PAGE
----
MUSIC The way ‘shlokas’ begin the opening track ‘Singham’, you are instantly reminded of the chants in Sunny Deol’s Ghatak as well as the kind of flavour which was last evidenced in Ajay’s own Omkara. Soon Sukhwinder Singh comes to the fore and turns ferocious as per the theme of the film as well as the need of the situation. There is an out and out Indian flavour to this song which basically details the character of Ajay, a brave-heart cop who is all there for people in his territory. Expect the sound of ‘Singham’ to play right through the duration of the film as it has the kind of old fashioned ‘masala’ flavour to it which goes with the action-drama genre here. There is a ‘remix version’ included as well and it further adds on to the high energy of this five minute long track. From a ‘high on pace’ title track, the album moves on to a much softer ‘Saathiyaa’ which starts off with the sound of a flute and immediately sets the tone for a melodic outing. An easy on ears track which boasts of the kind of music that has never left quintessential Bollywood romantic affairs and would never disappear in many more decades to come, ‘Saathiyaa’ is special due to Shreyas Ghosal’s sweet as honey vocals that come to their own all over again. She is clearly in the Alka Yagnik mode here and with good support from Ajay (who just comes for the line ‘Badmaash Dil’ throughout the song but ends up making a good impression), Shreyas makes one firmly believe that ‘Saathiyaa’ would have been an ideal song for an out and out romantic outing. This one comes in a ‘remix version’ as well but one would rather want to put the original in a repeat mode and hear it for hours at stretch.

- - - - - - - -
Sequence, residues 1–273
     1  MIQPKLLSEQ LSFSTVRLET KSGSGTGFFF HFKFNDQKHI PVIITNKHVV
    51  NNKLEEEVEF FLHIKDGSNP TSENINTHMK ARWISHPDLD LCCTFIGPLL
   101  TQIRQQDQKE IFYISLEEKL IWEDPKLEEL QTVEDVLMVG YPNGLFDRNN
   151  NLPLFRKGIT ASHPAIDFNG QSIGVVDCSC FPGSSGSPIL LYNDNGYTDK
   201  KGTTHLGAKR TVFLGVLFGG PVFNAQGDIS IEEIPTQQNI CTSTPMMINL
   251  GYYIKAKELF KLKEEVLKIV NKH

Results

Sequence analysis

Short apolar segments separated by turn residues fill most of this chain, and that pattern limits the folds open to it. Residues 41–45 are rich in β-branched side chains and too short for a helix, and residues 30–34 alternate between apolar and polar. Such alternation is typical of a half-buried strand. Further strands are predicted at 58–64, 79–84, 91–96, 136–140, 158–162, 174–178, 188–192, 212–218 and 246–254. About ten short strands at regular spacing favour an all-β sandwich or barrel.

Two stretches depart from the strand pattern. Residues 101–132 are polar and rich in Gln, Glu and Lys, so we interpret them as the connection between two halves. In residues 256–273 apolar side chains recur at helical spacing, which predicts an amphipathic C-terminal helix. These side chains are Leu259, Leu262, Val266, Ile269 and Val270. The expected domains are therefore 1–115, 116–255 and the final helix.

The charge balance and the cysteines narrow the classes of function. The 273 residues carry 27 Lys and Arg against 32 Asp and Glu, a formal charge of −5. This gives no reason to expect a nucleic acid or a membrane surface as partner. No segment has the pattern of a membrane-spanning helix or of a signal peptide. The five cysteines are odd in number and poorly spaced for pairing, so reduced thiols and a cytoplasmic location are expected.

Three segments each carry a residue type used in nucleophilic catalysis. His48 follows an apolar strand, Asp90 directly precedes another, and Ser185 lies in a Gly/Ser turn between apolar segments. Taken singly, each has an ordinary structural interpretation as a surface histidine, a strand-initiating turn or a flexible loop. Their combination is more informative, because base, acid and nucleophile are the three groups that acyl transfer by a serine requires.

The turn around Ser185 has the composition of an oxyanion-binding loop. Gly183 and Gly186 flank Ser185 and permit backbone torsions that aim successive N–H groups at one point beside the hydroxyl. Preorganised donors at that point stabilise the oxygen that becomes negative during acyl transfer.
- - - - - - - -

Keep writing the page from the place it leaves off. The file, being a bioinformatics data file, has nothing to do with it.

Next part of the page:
The Indian flavour of Singham continues with ‘Maula Maula’, yet another love song which has Kunal Ganjawala singing in a mode different from his usual self. In addition there is Richa Sharma coming behind the mike who brings in a contrasting flavour to ‘Maula Maula’ that makes it a pleasant hearing. There is a slight ‘sufi’ touch to the song which predominantly stays in the Bollywood zone and ensures that it won’t really be too much of a distraction in the film despite belonging to an out and out love romantic zone. It isn’t the next chartbuster in the making but coupled with the ‘remix version’, it turns out to be a reasonably nice hear.
OVERALL Singham turns out to be a fine album though one does feel that there could have been much more than just three songs here. While ‘Saathiyaa’ is the pick of the lot and has the potential to play on beyond the theatrical run of the film as well, title song ‘Singham’ brings in the right mood despite its setting. However given the fact that the film is not quite a musical and the focus would be primarily on pushing its action flavour, the album would find it tough to make much of a mark commercially. Ajay-Atul would benefit though from Singham as despite the fact that film allowed them space for only three songs, they have done well to showcase that they have it in them to deliver. Now one looks forward to what they have to present when they get an opportunity to compose for an out and out musical.
OUR PICK(S) Saathiyaa